Staff Reporter
TRADE union leader, Manuel Pelarda, warned yesterday that figures showing the increase in the rate of unemployment in November are “the worst in the last six years”.

He furthered that the Balearic economy is “flawed” because “it doesn't have the capacity to generate employment when the tourist season of ‘sun and sand' comes to an end”.

Pelarda signalled that the Balearic unemployment figures, are in fact “frightening”, and that the problem is “very serious”. To this number, he claimed, must be added those workers who have fixed contracts for the tourist season only, but who are not working now. “This brings the total of unemployed in the Islands to 80'000 people”, Pelarda said.
The CC.OO Union secretary also expressed his disappointment at the “poor showing” of numbers affiliated to Social Security, because the month of November closed with just a little over 274'000 workers registered; 20'000 less than two months ago.

He felt justified, therefore, in refusing to give “congratulations” to the Balearic government and management organisations for their performance in November. “It's essential to bring more variety to the tourist sector” insisted Pelarda, “and to introduce features which will lead to all-year-round tourism”. The government, he said, have been talking about such a strategy for years. “But it's not enough just to talk about it; doing something about it is what counts. We've got to make a concerted effort to plan and set out a rescue strategy”.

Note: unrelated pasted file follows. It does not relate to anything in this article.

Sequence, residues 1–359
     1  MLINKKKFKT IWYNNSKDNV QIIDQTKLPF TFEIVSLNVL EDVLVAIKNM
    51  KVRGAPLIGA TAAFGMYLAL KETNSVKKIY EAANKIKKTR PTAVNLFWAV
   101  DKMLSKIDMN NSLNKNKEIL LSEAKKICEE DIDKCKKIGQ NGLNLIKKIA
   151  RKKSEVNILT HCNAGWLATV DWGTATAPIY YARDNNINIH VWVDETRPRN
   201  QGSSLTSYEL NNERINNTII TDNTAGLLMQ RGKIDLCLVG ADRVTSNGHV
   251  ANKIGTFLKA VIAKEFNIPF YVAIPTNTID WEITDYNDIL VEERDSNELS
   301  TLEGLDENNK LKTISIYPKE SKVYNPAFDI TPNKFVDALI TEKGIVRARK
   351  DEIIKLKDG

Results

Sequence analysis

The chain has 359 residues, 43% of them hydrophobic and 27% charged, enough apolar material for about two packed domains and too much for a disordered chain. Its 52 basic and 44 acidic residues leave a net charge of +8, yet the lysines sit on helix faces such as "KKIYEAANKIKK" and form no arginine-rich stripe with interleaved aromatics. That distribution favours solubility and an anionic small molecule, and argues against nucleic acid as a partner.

Meanwhile, on mainland Spain, the Workers' Commission (CCOO) was equally disparaging of the increase in unemployment registered for the month of November this year.

It called on central government to intervene in the abusive use made of temporary contracts by tourist companies, where employment is provided only at times warranted by hotel occupancy rates. The moment client levels start to fall, staff are correlatively dismissed.

The system fails to provide any security for seasonal workers, even within the acknowledged holiday months of the year.
The Workers' Commission also pointed to the high level of female unemployment and the “great gap” which existed between numbers of women, and numbers of men, out of work.

It threw into sharp relief the fact that a new record of employment contracts was supposedly registered in November, whilst at the same time, there was a “significant” increase in unemployment figures.

It was the view of the Commission that these contradictory facts are explained by the high number of jobs begun and ended in a short space of time as a result of the use of contracts of very short duration, with no security.

The CCOO wants strong government action to force a change in the attitude of tourist industry business to seasonal contract working.

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